I have to admit that I believe that a human body must have other pathways of putting a glycogen into a storage . I remember reading an article in the "Outdoor" magazine last year about a physiology of sled dogs during a race. They were fed a diet consisted of 70% fat and the rest protein. During the race they manage to synthesized glycogen. We are different, of course. But their example proves it should be carbohydrate and protein independent was of producing a glycogen.

Nigel Kinbrum said...

It sounds like you get a migraine instead of a "funny turn" when you overdo it.

Protein can be turned into about 50% glucose. If the sled dogs have high endurance fitness and are not running flat-out, they could be burning mostly fat for energy. This would spare their muscle glycogen stores, which are continually being "trickle-charged" from blood glucose.

Anonymous said...

Interesting, this possibly explains what I've sometimes experienced.

I've been LC (or possibly VLC) for about 18months.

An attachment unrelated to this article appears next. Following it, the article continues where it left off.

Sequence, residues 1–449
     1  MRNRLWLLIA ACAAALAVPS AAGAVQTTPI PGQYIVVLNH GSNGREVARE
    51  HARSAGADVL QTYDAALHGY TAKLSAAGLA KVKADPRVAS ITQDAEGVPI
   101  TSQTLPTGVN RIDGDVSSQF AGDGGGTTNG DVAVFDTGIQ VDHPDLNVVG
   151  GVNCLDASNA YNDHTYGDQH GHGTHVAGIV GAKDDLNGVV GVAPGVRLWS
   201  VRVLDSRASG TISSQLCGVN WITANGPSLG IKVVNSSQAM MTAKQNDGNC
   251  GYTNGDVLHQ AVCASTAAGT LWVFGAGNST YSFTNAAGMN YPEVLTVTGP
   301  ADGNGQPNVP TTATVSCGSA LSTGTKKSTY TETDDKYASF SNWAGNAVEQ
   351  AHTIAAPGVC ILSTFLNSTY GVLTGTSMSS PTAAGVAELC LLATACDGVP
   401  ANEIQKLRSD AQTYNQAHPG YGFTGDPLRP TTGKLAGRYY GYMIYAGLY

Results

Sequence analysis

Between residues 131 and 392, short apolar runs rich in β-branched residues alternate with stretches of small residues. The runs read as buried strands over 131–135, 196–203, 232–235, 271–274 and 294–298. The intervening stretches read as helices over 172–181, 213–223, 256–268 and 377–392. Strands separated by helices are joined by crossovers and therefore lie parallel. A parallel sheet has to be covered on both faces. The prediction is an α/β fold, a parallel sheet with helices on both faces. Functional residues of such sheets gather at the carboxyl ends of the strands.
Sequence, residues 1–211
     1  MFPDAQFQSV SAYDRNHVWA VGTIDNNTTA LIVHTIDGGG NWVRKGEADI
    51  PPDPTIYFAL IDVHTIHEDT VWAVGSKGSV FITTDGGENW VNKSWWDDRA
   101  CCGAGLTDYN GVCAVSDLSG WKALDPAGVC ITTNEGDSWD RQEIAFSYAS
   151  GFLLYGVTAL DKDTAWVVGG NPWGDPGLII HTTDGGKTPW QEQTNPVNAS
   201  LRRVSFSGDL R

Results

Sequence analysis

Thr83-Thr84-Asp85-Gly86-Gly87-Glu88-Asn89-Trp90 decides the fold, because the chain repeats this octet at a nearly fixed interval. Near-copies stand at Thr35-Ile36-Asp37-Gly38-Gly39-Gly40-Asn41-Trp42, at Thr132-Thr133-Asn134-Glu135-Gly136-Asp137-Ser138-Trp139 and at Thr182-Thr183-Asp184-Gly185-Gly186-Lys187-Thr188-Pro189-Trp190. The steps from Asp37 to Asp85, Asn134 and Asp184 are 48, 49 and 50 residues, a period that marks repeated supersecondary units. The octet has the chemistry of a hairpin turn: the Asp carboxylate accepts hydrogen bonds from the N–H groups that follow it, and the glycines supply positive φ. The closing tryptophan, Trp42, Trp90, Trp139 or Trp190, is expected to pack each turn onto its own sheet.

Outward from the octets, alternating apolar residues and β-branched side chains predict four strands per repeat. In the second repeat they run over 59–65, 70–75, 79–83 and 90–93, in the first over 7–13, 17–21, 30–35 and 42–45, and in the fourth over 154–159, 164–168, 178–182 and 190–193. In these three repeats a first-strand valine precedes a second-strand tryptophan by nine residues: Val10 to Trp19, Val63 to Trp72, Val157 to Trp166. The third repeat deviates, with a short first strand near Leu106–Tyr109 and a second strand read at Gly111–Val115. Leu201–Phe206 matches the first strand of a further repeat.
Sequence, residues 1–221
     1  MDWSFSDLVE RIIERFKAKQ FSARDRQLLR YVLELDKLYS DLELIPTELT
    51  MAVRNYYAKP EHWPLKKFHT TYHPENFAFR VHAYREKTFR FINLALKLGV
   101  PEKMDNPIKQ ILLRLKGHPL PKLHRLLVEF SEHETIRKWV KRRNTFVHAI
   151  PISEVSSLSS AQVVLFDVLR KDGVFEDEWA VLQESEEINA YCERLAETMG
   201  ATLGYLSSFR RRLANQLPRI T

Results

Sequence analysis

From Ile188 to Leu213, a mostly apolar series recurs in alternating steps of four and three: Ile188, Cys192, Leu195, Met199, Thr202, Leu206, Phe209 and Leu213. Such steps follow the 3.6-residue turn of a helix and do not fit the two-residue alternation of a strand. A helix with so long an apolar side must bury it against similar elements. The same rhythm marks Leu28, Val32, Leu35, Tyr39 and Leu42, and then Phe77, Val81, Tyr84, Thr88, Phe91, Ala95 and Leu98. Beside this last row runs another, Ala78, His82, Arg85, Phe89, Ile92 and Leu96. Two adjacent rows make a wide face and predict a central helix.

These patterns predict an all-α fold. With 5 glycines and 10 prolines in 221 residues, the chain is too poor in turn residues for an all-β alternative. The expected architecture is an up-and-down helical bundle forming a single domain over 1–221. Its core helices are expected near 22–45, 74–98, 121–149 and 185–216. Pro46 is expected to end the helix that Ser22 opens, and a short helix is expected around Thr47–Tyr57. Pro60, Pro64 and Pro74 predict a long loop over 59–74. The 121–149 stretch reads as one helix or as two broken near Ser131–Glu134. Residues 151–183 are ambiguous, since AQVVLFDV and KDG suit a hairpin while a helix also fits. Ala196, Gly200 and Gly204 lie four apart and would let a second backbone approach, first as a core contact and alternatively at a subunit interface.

Once a week I a game of five-a-side around middday. I eventually ended up playing this fasted, as it was more comfortable.

However, sometimes towards the end of the game (around 50 mins out of 60), I'd end up feeling lightheaded and with a 'cotton wool' / fuzzy feeling at the back of my head.

I had been guessing I was operating with little muscle glycogen, as for most of the game my sprint ability would be poor.

CarbSane said...

Hi Nige,

I don't think this is what happened to me because it sometimes happened just when I was getting up in the morning or woke up in the middle of the night, and when it was prompted by exercise it was stuff like Pilates, nothing too vigorous.

I don't think it's harmless. Yeah, harmless if it passes there's no evidence of any lasting damage, but, and I think my situation was hypoglycemia, what if I *do* pass out?

I want to at least get my ambulance ride ;-)

Nigel Kinbrum said...

Hi CarbSane,

Drats! I don't know what you experienced. I've had hypoglycaemia, as part of an insulin stress test (10units of fast-acting IV insulin) on my pituitary. My BG fell to 1.5mmol/L (27mg/dL), but all that happened was that I apparently became confused. I didn't notice anything out of the ordinary other than some shaking & sweating.

If you do faint, would your hubby know what to do?